Saltimbocca is an Italian dish that can be prepared in quite a variety of ways. Traditionally it’s made with veal. I prefer using chicken because it’s hard to get veal that’s “cruelty” free. After seeing veal cages, I decided I wouldn’t eat it anymore. There is some veal out there that’s “free range” and just killed before the cow is aged to about 1 year. Arguably better but still not something I want to eat. Ok, I’m putting away the soap box.
This Chicken Saltimbocca is made closer to the alla romana style. I use sage, prosciutto, and wine. I add in Mozzarella di Bufala for extra yumminess. Here is what you will need to make this dish:
1 chicken breast per person
1-2 slices of prosciutto per person
either 2 fresh sage leaves per person or dried rubbed sage
1 ball of Mozzarella di Bufala (this will make 4-6 portions worth)
1 cup of very dry white wine
Gluten free flour
Grass fed butter
EVOO, salt, and white pepper
A meat tenderizer is the only special tool needed
1. Take your fresh chicken breast and cover it loosely from top to bottom with one piece of saran wrap. Assess where you need to thin the breast. Use the flat side of the mallet to lightly pound the thick parts. You’re looking to have the whole breast about 1/4 inch thick all the way across.
2. Once you have all the breasts pounded, salt and pepper the breasts. Roll the breasts in flour as well until they dredged.
3. If you are using rubbed sage, dust a little into the breast or in the flour if you prefer a more robust flavor through the whole dish. I prefer keeping it in the breast so it doesn’t get too sage-y. If you are using fresh sage go ahead and skip this step.
4. Place one or two slices of the prosciutto in on one side of the chicken.
5. Add very thin slices on Mozzarella until you have most of the breast covered. It’s very important you do this on the same side as the prosciutto. You are going to fold the breast over so the ingredients are in the middle, essentially making a chicken “pocket.”
6. Take a frying pan with a lid and heat up a combination of oil and butter so you have enough in the pan to shallow fry the chicken. Use the smallest pan you have that will fit your breasts without overlapping or touching. This will reduce the amount of total fat going into the pan.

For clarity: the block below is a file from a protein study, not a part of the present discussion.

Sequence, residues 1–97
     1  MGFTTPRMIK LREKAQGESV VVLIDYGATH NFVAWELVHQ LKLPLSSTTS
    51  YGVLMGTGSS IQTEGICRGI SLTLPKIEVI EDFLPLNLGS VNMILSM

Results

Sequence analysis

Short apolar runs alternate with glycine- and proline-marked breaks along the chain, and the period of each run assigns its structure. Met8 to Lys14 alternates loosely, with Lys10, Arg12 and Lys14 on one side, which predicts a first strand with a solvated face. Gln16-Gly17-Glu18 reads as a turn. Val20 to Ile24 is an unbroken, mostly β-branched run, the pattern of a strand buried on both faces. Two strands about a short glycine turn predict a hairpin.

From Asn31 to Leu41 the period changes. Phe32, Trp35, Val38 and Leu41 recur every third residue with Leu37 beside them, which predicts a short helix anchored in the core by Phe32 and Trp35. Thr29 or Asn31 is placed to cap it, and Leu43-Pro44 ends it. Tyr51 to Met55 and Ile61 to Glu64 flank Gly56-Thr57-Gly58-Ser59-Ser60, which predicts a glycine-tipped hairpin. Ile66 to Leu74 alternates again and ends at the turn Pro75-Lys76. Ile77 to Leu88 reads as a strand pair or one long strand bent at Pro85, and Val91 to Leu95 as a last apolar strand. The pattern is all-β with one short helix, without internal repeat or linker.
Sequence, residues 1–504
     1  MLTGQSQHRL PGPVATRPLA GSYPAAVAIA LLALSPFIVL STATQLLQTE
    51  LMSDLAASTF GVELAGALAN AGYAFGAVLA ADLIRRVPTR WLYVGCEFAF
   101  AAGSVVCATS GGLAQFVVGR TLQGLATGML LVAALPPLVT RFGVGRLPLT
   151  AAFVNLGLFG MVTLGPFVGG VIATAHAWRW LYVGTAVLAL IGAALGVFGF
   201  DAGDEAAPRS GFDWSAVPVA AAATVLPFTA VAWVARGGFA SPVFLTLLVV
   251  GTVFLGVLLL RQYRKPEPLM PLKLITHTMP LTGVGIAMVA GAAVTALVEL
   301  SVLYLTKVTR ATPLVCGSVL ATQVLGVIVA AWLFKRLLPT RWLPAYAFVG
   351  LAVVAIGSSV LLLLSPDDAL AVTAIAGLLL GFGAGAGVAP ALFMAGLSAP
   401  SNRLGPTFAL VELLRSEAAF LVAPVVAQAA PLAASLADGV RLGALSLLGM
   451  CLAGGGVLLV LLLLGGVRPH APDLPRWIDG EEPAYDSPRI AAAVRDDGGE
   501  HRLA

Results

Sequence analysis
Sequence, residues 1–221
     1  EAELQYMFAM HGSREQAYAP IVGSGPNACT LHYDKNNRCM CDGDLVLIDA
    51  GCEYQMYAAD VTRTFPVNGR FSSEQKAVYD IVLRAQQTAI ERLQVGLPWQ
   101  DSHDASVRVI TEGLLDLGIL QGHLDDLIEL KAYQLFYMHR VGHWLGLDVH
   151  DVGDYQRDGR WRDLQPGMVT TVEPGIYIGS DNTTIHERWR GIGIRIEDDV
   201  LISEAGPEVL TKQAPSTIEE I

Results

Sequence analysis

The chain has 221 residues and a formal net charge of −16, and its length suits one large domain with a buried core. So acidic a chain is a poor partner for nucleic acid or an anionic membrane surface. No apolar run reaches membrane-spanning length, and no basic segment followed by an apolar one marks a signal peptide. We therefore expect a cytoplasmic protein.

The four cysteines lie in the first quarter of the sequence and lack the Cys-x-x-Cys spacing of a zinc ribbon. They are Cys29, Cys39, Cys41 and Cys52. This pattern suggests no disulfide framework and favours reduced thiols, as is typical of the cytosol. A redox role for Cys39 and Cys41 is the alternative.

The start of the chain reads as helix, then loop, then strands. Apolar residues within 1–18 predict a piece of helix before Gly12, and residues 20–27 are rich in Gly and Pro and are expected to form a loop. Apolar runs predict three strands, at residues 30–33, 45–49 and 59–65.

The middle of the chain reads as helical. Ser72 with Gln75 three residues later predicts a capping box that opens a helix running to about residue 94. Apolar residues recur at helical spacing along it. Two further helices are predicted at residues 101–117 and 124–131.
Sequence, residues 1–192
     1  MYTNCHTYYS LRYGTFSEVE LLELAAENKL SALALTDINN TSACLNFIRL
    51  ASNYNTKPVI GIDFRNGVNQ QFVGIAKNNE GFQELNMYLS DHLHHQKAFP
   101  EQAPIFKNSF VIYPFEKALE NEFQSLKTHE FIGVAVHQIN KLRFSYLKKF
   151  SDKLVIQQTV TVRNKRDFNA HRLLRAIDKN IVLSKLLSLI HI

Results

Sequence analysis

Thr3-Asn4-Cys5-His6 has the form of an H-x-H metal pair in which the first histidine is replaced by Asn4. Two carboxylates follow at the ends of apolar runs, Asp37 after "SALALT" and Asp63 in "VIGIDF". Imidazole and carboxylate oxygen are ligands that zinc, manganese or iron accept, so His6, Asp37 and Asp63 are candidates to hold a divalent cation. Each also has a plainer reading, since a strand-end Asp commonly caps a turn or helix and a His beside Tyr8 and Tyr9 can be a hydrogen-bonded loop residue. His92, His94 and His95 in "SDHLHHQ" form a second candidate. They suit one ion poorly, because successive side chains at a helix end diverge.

7. If you are using fresh sage, put it in now and “fry” it for a minute or so on medium high heat. Place on a paper towel to drain. You want 2 leaves per chicken breast.
8. Place the chicken pockets in the hot pan on medium high. Let the chicken brown properly. Let it sit in the pan for a good 5-8 minutes without flipping it. You want this to be nice and golden and almost cooked through on this side completely.
9. Flip the chicken, let it get a little color at this heat for 2-4 minutes. Then turn it down to medium and cover the pan. You will only need to have it on this heat for 3-5 minutes if you have the thickness correct. We just want to finish the cooking gently so we don’t overcook. Plus, we need the cheese to melt and the chicken will get a little steaming action to do just that.
10. While the chicken is finishing, take your white wine (about a cup) and mix it with a little flour. This will thicken the pan sauce. If you are worried about the opacity you can use cornstarch or arrowroot for a clear glossy sauce.
11. Move your chicken to a plate and tent it with foil. Decide if you are keeping all the fat. I always do but I’m using very little to shallow fry, it’s just above a saute if done correctly. Put the heat up to high for about 30 seconds and then pour in your wine slurry to deglaze.
12. After about 10 – 30 seconds on high, turn it down to a low simmer and give it a good whisking. If you like you can lift the sauce with a pat of cold butter to make it really silky and thick. Add in half of your fresh sage and the chicken along with any juices on the plate. Let them rest in the sauce with the heat off while you get your plates or a serving platter.
13. When plating, place one leaf of sage on each breast. Serve with a green salad or green beans. Bread or mashed potatoes or creamy polenta all work well with this if you desire a starch.
As for wine, I like to use a Trebbiano like I did here or a very dry Pinot Grigio to make the sauce because they both usually have strong lemon notes. Then just take the rest of the bottle to the table for a perfect match!